I like my Hogan Ft. Worths. As a kid growing up playing flat soled, sharp leading edge blades on less than ideal courses, my miss I was most concerned with was hitting it fat, which means many times I’d be afraid to hit down and would hit it thin. The Hogan V-Sole is really an outstanding design and has eliminated my fear of the fat shot. I don’t think I’ll play anything other than a V-sole iron (Srixon and Cleveland have both caught my eye) ever again. It just so happens that Srixon, Cleveland, and Ben Hogan are those not as big companies that make outstanding equipment. Sent from my iPad using Tapatalk
  8. Haha! That’s too funny. I’m checking out their site now. Some really nice looking irons on there. Looks like you’ll be getting a quality set of irons that no one else has in their bag. I like that. Sent from my iPad using Tapatalk
  9. Personally, I’d say last 15 years. I immediately thought of the Taylormade 300 Forged Irons. They do look very nice though. And all the options sound great. Hopefully they can make a go of it. Sent from my iPad using Tapatalk
  10. deejaid

    Causes of Slow Play

    I have a radical idea. How about the Pro Shop issues you balls based on the tees you are planning on playing? Playing the front tees? You get 9 balls. Middle tees? 6 balls. Back tees? 3 balls. Lose all your balls and you are done for the day. I’m sure people would play the proper tees then[emoji16] Sent from my iPhone using Tapatalk
  11. deejaid

    Causes of Slow Play

    1. Alcohol. Are people on a golf course to play a game of skill, or to get wasted? It’s amazing how much money people will spend on golf club technology to improve their game, only to go to the course and down a beer every other hole. How can you put you best swing on the ball if you are drinking alcohol? Any technological gain made with that brand new club is surely lost by the impaired motor skills due to alcohol consumption. Let me ask the guys that have been around the game awhile, meaning playing in the 1950’s-1980’s. When did drinking during the round start? I grew up playing in PA in the 1980’s and even my alcoholic father waited until after the round to drink. I don’t remember there being any cart girls. 2. Distance. The solid modern golf ball and massive oversized drivers have caused new courses to be built ridiculously long. Amateurs then think because they can once in a blue moon hit it 300 yards with that driver that they need to play the tips. The other problem is that 300 yards might be two fairways over. The further the ball goes, the further it goes offline. Now, add in cart golf with two drunken fools driving back and forth across the fairway and you have the perfect recipe for the 5 hour round. Sent from my iPad using Tapatalk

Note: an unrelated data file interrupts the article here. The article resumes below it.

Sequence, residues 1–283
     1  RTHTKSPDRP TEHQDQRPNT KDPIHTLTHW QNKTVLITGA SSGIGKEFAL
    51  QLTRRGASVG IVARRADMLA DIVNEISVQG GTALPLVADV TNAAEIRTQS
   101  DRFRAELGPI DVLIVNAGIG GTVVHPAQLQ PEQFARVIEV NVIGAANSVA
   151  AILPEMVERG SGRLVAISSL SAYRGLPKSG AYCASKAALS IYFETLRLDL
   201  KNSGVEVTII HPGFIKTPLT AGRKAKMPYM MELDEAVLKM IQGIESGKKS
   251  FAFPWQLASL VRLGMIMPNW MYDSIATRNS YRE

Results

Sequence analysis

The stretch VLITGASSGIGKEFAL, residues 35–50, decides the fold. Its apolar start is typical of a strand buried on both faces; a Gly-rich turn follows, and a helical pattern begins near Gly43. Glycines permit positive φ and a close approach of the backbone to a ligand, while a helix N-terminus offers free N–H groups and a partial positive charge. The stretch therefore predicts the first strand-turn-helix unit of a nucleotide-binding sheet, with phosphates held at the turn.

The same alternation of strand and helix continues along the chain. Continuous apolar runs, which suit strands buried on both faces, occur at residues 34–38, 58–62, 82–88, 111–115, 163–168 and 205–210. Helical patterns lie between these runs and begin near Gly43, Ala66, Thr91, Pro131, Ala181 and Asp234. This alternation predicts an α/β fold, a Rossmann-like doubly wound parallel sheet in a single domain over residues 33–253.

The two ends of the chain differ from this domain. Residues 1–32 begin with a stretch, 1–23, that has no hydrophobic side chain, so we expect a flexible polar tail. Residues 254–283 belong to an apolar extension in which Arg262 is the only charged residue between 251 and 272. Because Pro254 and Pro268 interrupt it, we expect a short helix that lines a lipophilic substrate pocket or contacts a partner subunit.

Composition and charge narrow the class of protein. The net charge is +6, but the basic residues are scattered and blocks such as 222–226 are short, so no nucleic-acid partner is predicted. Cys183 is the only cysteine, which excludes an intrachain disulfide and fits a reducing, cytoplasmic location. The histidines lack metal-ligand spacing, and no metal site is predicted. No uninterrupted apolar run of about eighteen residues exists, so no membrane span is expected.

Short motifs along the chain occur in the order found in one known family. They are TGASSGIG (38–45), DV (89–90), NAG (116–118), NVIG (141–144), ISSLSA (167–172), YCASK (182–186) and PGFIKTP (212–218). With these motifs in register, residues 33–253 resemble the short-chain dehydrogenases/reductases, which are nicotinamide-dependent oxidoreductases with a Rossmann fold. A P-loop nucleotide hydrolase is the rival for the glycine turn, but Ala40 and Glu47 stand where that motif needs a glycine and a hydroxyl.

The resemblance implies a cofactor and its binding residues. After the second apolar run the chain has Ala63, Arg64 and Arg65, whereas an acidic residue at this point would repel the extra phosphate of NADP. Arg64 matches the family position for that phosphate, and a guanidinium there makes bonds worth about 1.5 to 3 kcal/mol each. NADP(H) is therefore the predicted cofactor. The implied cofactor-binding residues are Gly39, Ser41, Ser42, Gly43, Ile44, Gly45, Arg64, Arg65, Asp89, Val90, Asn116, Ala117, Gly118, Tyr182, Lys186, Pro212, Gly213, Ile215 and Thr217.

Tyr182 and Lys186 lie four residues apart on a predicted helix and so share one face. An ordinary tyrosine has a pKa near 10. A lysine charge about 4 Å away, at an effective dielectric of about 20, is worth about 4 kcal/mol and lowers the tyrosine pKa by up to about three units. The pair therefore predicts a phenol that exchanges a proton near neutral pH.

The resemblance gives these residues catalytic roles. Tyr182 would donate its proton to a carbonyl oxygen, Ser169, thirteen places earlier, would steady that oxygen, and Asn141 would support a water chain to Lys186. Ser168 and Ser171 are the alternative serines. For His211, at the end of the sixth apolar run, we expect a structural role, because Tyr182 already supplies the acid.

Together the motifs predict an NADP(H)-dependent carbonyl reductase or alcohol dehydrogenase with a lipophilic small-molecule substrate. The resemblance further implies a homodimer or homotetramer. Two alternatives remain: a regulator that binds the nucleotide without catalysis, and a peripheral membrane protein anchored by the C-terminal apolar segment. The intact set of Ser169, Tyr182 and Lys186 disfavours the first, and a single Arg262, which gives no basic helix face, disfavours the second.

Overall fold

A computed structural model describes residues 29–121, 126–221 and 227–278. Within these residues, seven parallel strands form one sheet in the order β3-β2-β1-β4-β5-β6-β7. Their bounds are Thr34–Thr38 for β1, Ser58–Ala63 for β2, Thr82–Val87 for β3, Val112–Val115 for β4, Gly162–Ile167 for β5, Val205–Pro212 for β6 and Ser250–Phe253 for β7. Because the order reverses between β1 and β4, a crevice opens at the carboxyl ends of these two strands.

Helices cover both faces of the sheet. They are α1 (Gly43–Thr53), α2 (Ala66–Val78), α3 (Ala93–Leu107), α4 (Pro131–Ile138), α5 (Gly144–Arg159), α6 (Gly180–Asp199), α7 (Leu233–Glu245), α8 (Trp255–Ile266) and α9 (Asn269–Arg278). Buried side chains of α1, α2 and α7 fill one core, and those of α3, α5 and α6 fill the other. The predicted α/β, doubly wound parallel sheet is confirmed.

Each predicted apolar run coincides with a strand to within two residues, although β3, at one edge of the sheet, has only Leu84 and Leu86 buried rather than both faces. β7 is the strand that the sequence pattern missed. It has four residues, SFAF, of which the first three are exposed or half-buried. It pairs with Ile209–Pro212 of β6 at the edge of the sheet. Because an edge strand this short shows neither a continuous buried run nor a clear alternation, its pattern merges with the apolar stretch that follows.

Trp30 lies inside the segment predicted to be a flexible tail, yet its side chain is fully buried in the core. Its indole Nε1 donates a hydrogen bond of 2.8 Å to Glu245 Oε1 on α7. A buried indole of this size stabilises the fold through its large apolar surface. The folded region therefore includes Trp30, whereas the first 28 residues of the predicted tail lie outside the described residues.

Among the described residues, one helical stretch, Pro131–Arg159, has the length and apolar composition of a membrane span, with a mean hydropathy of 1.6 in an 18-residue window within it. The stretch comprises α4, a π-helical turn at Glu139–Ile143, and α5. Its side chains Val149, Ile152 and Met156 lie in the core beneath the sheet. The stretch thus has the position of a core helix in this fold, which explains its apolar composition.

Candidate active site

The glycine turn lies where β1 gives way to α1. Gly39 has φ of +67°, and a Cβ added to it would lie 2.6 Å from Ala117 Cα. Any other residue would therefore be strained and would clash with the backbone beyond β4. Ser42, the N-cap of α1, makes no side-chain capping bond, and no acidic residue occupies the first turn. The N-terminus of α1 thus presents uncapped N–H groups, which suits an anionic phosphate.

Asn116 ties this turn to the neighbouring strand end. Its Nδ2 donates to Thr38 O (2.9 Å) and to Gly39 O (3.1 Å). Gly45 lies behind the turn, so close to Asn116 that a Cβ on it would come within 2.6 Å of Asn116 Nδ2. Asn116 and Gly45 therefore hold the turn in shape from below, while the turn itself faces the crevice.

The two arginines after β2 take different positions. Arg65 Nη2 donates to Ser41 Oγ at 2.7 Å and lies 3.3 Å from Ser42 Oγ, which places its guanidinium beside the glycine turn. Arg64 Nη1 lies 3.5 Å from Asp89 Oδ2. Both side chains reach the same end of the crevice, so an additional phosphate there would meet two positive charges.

12. deejaid

    Technology is amazing, but...

    Familiarity and confidence beats technology every time. If you are standing in the middle of the fairway with a club you’ve hit 5,000 times you have a better chance of sticking it close than you do with the newest, latest technological wonder you bought last week. Doesn’t matter how much “better”, “longer” or “more forgiving” it is. Now, on the flip side, many people feel much more confident knowing they have the newest, most forgiving, longest club money can buy in their hand. If that is what gives them the confidence to make that same shot, that’s great too. I put my Hogan’s in the bag in spring and have been playing and practicing more since joining my club. Because I’ve been able to work on my game more my confidence has grown and I am becoming intimately familiar with how my clubs perform. I am not interested in the latest and greatest, I am interested in making these clubs do exactly what I want on demand. Sent from my iPad using Tapatalk
  13. deejaid

    Ditching the Hybrid

    This might really be a space in the bag where real wood woods can excel. A heavy wood head can help you stay down whether through the rough or fairway. Modern fairway woods and hybrids are just stainless steel. Pretty much no different than the early small head metalwoods of the 1980’s. Sent from my iPad using Tapatalk
  14. deejaid

    Ditching the Hybrid

    Mine is probably late 1950’s, pre-Ginty. Part of a 1,2,3,4 set. I don’t have the 2 wood in the bag though. Those Ginty’s look like they would be great out of the rough but might be a bit tough from tight lies. Sent from my iPad using Tapatalk
  15. deejaid

    Ditching the Hybrid

    Now that I put the Stan Thompson’s in my bag I’m having even better results. I’m not sure the loft but the 4-wood is backweighted with lead and the ball gets way up in the air. 215 yards with a nice steep landing that holds the green. Better than any hybrid I’ve ever tried. Sent from my iPad using Tapatalk